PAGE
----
Climate change vigil on the Rabb steps offers opportunity for members of the community to come together

Climate change vigil on the Rabb steps offers opportunity for members of the community to come together

October 26, 2018

During a climate change vigil at the base of the Rabb steps, students, faculty and staff passed out fliers on Friday, Oct. 19. The fliers were invitations to “Climate & The Human Consequences of Irreversible Change,” an event that will feature Jim Anderson, a climate scientist from Harvard.

The climate change vigil was in part a response to a report released on Oct. 8 by the Intergovernmental Panel on Climate Change (IPCC), a group of scientists convened by the United Nations. The IPCC warned that if the rate of greenhouse gas emissions remains steady, the planet could stand to warm by 2.7 degrees Fahrenheit, causing flooding, droughts and wildfires and killing off as much as 99 percent of coral reefs.

The demonstrators at the vigil included members of Faculty Against the Climate Threat (FACT), the Multifaith Chaplaincy and the Brandeis Staff Action Team on Climate Change. They held signs and spoke to students to raise awareness about climate change. “We’re terrified. That’s why we’re here,” said Rabbi Liza Stern, the Acting Director of the Department of Spiritual and Religious Life.

Standing by the steps with a sign, Amy Rinaldo, Assistant Director of English Language Programs and a member of Brandeis Staff Action Team on Climate Change, described how the enormity and immediacy of the threat laid out in the IPCC report felt daunting. “It doesn’t feel like it’s affecting our everyday, but I think we’re seeing that it is and it’s going to continue to. I’m feeling very powerless. Even just having this vigil, it’s like getting out there and making sure people know that there are a lot of others who care.”

Stern and Rinaldo echoed what other participants said about the vigil—they felt motivated to do something in the face of a looming threat.

Some of the demonstrators also stood in support of divestment, an issue that has been the subject of multiple demonstrations on campus. Brandeis has invested money in companies that use fossil fuels, which significantly contribute to global warming according to the IPCC report.

The Board of Trustees has spent years pushing back the date of a vote on divestment. Last April, George D. Krupp, a member of the Board told members of Brandeis Climate Justice (BCJ) that they would vote within 60 days. In June, just before the deadline, President Liebowitz announced in an email that the Board would need to revise a 1974 investment statement, “Brandeis as a Responsible Investor,” before voting on the topic of divestment.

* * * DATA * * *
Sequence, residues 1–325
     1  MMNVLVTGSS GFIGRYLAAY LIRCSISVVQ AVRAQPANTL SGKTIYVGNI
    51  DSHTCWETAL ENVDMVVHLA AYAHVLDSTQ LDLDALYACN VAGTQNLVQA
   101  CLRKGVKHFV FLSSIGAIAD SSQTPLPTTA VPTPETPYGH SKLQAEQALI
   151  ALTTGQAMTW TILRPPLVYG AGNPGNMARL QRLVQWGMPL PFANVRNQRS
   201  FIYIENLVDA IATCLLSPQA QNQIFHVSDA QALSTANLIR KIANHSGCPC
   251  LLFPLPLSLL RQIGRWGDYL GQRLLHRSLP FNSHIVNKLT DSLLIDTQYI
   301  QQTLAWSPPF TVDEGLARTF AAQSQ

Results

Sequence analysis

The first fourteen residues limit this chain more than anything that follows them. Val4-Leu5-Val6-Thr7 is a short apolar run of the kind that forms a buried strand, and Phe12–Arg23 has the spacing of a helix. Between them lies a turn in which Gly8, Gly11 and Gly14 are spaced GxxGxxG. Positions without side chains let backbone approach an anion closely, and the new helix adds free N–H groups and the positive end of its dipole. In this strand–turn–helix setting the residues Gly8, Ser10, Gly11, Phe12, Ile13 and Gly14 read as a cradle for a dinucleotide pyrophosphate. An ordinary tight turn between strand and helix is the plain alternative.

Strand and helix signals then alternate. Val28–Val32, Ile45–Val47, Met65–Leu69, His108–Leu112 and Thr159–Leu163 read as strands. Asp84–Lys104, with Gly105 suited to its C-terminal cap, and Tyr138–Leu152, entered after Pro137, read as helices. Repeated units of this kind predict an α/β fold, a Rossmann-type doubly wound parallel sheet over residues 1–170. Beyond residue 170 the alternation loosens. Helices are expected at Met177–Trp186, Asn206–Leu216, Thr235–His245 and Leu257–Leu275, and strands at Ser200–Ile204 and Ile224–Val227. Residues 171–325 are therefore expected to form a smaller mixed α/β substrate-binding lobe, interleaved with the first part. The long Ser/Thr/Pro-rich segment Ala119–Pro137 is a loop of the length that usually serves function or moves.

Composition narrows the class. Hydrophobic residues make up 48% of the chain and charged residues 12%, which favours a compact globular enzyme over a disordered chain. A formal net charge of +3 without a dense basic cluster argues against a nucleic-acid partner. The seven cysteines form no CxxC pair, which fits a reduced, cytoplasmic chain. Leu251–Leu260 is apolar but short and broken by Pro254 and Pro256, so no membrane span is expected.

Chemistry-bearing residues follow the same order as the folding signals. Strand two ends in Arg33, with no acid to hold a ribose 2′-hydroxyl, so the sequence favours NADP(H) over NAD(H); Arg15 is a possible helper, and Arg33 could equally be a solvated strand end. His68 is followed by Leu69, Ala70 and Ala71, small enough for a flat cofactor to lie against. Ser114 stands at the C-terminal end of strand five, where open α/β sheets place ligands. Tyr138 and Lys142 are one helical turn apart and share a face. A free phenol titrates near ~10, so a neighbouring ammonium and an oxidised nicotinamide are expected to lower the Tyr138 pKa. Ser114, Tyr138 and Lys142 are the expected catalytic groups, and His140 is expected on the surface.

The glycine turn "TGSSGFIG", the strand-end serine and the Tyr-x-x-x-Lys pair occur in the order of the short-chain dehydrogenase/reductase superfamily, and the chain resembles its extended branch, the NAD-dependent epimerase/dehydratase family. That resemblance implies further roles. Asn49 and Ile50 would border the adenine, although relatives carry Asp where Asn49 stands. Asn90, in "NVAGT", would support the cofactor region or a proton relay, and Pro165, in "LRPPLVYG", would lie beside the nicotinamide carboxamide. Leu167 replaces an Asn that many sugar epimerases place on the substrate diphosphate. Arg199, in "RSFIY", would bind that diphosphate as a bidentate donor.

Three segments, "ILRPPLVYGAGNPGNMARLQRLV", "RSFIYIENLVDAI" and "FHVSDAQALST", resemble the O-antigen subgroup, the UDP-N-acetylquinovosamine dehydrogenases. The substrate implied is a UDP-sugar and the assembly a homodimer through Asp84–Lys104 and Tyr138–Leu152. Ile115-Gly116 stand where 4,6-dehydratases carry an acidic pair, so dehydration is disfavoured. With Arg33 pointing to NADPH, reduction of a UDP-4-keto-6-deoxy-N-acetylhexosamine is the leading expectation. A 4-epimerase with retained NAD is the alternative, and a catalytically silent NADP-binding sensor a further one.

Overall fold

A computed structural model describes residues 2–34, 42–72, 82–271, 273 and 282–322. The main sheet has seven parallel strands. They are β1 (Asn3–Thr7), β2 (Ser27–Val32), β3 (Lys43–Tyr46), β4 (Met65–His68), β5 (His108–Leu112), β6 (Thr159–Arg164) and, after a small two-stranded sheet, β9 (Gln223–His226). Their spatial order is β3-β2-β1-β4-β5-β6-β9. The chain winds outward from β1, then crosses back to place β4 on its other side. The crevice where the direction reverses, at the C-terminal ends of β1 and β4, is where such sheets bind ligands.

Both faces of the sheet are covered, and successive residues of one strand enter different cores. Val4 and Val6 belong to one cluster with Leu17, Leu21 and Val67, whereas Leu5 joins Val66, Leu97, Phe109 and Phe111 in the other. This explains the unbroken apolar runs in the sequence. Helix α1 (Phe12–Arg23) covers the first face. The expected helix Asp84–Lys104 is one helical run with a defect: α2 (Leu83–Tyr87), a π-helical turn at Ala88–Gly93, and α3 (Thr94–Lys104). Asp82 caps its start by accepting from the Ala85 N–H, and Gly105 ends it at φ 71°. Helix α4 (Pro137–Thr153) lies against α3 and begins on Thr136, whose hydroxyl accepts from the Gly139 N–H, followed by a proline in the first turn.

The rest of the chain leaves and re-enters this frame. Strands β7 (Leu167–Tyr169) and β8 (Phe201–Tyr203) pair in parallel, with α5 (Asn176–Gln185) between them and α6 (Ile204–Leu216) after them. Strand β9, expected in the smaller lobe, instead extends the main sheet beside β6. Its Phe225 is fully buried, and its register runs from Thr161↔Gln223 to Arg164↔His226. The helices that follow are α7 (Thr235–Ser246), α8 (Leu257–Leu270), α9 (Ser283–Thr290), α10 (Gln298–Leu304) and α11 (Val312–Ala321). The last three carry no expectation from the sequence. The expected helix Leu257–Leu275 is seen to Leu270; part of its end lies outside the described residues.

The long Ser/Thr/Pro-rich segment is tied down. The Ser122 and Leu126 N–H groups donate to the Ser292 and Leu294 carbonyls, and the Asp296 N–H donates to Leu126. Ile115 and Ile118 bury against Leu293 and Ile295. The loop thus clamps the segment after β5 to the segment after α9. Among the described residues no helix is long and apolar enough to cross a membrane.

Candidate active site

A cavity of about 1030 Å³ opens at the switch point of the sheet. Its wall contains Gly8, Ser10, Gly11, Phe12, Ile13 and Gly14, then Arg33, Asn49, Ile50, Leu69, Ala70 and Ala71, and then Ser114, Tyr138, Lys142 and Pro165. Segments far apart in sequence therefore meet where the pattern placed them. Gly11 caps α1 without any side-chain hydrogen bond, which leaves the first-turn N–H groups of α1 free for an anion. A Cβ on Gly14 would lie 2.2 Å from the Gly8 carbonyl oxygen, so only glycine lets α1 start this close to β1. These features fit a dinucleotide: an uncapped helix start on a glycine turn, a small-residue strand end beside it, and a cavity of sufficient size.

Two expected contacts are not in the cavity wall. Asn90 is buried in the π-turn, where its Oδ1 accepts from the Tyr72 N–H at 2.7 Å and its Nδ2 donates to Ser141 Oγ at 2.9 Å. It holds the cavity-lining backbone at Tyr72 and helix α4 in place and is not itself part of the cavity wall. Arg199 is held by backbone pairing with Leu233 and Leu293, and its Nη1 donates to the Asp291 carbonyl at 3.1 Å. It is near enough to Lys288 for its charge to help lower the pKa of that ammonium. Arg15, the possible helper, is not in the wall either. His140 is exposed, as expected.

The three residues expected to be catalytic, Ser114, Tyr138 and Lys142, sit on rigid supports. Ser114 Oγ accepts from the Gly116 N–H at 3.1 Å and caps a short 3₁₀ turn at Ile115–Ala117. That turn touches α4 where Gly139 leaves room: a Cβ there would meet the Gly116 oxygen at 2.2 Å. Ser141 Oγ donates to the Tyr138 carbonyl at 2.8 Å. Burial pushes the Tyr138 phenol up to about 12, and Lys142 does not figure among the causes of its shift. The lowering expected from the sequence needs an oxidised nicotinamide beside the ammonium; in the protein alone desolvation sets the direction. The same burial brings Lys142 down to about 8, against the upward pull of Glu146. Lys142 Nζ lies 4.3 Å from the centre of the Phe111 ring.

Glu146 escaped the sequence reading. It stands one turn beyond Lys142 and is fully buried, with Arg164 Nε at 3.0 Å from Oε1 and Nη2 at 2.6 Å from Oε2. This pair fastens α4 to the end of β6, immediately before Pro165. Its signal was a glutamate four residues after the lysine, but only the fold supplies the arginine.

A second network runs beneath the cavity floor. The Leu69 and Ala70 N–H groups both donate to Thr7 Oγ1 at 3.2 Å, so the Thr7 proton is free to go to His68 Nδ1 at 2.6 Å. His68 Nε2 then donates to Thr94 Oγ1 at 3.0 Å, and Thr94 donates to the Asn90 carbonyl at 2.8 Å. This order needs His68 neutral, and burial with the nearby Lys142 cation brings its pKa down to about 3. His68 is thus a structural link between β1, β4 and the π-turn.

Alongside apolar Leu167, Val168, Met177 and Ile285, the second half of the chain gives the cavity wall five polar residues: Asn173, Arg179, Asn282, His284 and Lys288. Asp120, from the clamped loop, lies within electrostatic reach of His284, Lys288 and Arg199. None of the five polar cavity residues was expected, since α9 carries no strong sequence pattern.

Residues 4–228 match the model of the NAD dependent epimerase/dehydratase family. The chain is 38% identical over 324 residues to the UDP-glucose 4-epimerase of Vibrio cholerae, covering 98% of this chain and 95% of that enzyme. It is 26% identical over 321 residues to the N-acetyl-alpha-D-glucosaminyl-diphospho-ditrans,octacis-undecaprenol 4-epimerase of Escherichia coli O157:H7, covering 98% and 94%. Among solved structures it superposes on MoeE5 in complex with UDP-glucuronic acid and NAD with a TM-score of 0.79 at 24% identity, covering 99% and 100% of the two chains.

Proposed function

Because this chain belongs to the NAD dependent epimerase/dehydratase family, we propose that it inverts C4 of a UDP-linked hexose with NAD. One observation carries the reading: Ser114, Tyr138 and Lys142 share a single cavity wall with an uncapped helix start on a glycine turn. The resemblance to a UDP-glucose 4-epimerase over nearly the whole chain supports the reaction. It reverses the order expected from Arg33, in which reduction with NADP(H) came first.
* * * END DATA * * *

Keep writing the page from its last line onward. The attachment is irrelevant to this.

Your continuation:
In the most recent report on the September Board of Trustees meeting, President Liebowitz told the student body through email that the Board of Trustees had not voted on an updated version of the investment statement but had discussed the topic of climate change and Brandeis’ role.

The Oct. 19 vigil took place in the middle of climate change week, which spanned from the Oct. 15 to Oct. 21. The vigil was not the only event to acknowledge climate change. Earlier in the week, members of BCJ had hung a banner above the Rabb steps reading,“Climate Change Kills #DivestDeis.” They also passed out fliers reading, “We can’t wait any longer. Do better, Brandeis. DIVEST NOW.”

When asked about divestment at the base of the Rabb steps on Friday, a member of Faculty Against Climate Change (FACC), Sabine von Mering (ENVS/GRALL/WMGS), explained, “Divestment and a statement in support of divestment is really what gives the signal that we say we’re on board with the solution and not part of the problem.”

A banner hung on Oct. 24 outside of the Shapiro Campus Center read, “There is no such thing as an innocent stockholder.”

“Climate & The Human Consequences of Irreversible Change” will take place in Schwartz Auditorium on Oct. 29 at 6:45 p.m. The event is co-sponsored by multiple groups on campus including the Mandel Humanities Working Group on Climate Change as a Threat to Human Civilization and Life as We Know it and the Environmental Studies Program.

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